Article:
Show simple item record

dc.contributor.authorFisher, Ruth
dc.date.accessioned2020-02-12T14:16:06Z
dc.date.available2020-02-12T14:16:06Z
dc.date.issued2020-01
dc.identifier.citationFisher, R., 2020. Improving post-resuscitation care after out-of-hospital cardiac arrest. Journal of Paramedic Practice, 12 (1), 14-21.en_US
dc.identifier.issn1759-1376
dc.identifier.issn2041-9457
dc.identifier.doi10.12968/jpar.2020.12.1.14
dc.identifier.urihttp://hdl.handle.net/20.500.12417/786
dc.description.abstractAbstract published with permission. Introduction: The average rate of survival following an out-of-hospital cardiac arrest (OHCA) in the UK was 7–8% at the start of 2019. An estimated 60 000 OHCAs are attended by UK ambulance services annually and, despite developments in prehospital and post-resuscitation care, there are significant variations in survival between regions and countries. Aims: This study aims to identify the potential for care pathways, evaluate UK practices and review the evidence for direct referral of OHCA patients to dedicated cardiac arrest centres. Methods: Evidence was gathered from 20 articles identified through a systematic search of articles related to OHCA and post-resuscitation care, as well as from NHS England in relation to performance and outcomes. Results: Between April 2018 and January 2019, 30.6% of patients experiencing an OHCA had a recorded ROSC (return of spontaneous circulation), and 10.2% survived. However, the 58.7% compliance with the post-ROSC care bundle by ambulance services suggests variations in the delivery of post-resuscitation care. At present, UK ambulance services stabilise and transfer OHCA patients with ROSC to the nearest emergency department, which may not provide specialist services. Holland and Norway report survival rates of 21% and 25% respectively, and operate a centralised approach to post-resuscitation care through designated cardiac arrest centres, which provide specialist care that helps to improve the likelihood of survival. While no randomised controlled trials have been carried out in relation to cardiac arrest centres, it is recognised that the quality of care in the post-resuscitation phase is important, as this is when the highest proportion of deaths occur. Conclusion: Further research into specific care pathways and centralised care should be carried out, and an OHCA postresuscitation care pathway should be developed to improve the delivery of care and survival.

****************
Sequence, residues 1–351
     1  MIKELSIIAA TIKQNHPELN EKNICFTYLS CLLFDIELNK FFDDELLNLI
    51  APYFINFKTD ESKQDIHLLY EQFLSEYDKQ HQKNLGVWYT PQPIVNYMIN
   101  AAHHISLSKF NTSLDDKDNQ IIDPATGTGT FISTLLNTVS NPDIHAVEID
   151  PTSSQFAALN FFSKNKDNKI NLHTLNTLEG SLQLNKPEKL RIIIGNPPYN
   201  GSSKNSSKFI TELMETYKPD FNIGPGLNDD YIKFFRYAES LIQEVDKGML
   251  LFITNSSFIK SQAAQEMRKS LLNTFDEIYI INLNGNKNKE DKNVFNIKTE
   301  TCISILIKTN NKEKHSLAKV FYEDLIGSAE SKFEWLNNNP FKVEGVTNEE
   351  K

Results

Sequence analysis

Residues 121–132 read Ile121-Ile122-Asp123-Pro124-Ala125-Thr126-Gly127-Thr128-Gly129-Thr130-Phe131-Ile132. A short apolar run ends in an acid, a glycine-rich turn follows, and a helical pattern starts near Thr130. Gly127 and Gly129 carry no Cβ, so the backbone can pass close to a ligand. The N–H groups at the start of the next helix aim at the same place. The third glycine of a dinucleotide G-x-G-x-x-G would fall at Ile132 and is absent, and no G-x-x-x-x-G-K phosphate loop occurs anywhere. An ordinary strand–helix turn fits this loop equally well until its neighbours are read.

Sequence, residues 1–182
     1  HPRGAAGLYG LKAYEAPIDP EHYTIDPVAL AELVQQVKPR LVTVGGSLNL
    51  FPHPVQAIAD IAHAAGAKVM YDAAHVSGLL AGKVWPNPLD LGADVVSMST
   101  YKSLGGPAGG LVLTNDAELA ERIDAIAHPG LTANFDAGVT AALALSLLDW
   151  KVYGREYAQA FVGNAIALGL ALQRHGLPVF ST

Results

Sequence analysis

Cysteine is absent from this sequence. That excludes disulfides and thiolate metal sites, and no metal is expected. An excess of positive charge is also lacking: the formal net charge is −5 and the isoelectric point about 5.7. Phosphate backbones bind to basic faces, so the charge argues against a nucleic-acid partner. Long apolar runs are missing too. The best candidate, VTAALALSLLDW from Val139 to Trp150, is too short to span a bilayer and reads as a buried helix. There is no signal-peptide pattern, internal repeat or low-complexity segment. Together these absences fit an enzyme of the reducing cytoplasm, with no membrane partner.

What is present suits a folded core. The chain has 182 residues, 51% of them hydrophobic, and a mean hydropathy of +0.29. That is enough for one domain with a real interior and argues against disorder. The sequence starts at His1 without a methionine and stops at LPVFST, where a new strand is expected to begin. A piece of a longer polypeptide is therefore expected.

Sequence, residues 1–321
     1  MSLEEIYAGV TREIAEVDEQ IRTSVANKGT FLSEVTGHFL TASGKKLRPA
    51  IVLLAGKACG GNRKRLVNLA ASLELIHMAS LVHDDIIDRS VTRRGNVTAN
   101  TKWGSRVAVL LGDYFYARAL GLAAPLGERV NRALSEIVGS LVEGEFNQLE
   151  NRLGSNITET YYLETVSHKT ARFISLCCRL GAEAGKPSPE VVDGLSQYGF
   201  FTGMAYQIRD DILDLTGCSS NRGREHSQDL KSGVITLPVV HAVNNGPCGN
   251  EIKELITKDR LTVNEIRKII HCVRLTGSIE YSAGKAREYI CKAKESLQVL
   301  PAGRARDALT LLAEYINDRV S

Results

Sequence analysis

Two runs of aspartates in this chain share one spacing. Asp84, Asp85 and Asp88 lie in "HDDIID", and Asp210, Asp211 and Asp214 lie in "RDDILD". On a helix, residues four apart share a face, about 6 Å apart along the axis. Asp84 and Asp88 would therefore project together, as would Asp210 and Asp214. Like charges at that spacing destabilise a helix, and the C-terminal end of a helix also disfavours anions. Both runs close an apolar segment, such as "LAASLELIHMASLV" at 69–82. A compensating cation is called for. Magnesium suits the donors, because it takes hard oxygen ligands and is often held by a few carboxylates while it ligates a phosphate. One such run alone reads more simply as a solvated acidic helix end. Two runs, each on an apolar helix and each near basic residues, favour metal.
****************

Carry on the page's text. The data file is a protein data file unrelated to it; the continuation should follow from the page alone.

dc.language.isoenen_US
dc.subjectReturn of Spontaneous Circulation (ROSC)en_US
dc.subjectOut-of-Hospital Cardiac Arrest (OHCA)en_US
dc.subjectSurvival Analysisen_US
dc.subjectClinical Protocolsen_US
dc.subjectEmergency Medical Servicesen_US
dc.titleImproving post-resuscitation care after out-of-hospital cardiac arresten_US
dc.typeJournal Article/Review
dc.source.journaltitleJournal of Paramedic Practiceen_US
dcterms.dateAccepted2020-01-30
rioxxterms.versionNAen_US
rioxxterms.licenseref.uriAll Rights Reserveden_US
rioxxterms.licenseref.startdate2020-01-30
refterms.panelUnspecifieden_US
refterms.dateFirstOnline2020-01-14
html.description.abstractAbstract published with permission. Introduction: The average rate of survival following an out-of-hospital cardiac arrest (OHCA) in the UK was 7–8% at the start of 2019. An estimated 60 000 OHCAs are attended by UK ambulance services annually and, despite developments in prehospital and post-resuscitation care, there are significant variations in survival between regions and countries. Aims: This study aims to identify the potential for care pathways, evaluate UK practices and review the evidence for direct referral of OHCA patients to dedicated cardiac arrest centres. Methods: Evidence was gathered from 20 articles identified through a systematic search of articles related to OHCA and post-resuscitation care, as well as from NHS England in relation to performance and outcomes. Results: Between April 2018 and January 2019, 30.6% of patients experiencing an OHCA had a recorded ROSC (return of spontaneous circulation), and 10.2% survived. However, the 58.7% compliance with the post-ROSC care bundle by ambulance services suggests variations in the delivery of post-resuscitation care. At present, UK ambulance services stabilise and transfer OHCA patients with ROSC to the nearest emergency department, which may not provide specialist services. Holland and Norway report survival rates of 21% and 25% respectively, and operate a centralised approach to post-resuscitation care through designated cardiac arrest centres, which provide specialist care that helps to improve the likelihood of survival. While no randomised controlled trials have been carried out in relation to cardiac arrest centres, it is recognised that the quality of care in the post-resuscitation phase is important, as this is when the highest proportion of deaths occur. Conclusion: Further research into specific care pathways and centralised care should be carried out, and an OHCA postresuscitation care pathway should be developed to improve the delivery of care and survival.en_US


This item appears in the following Collection(s)

Show simple item record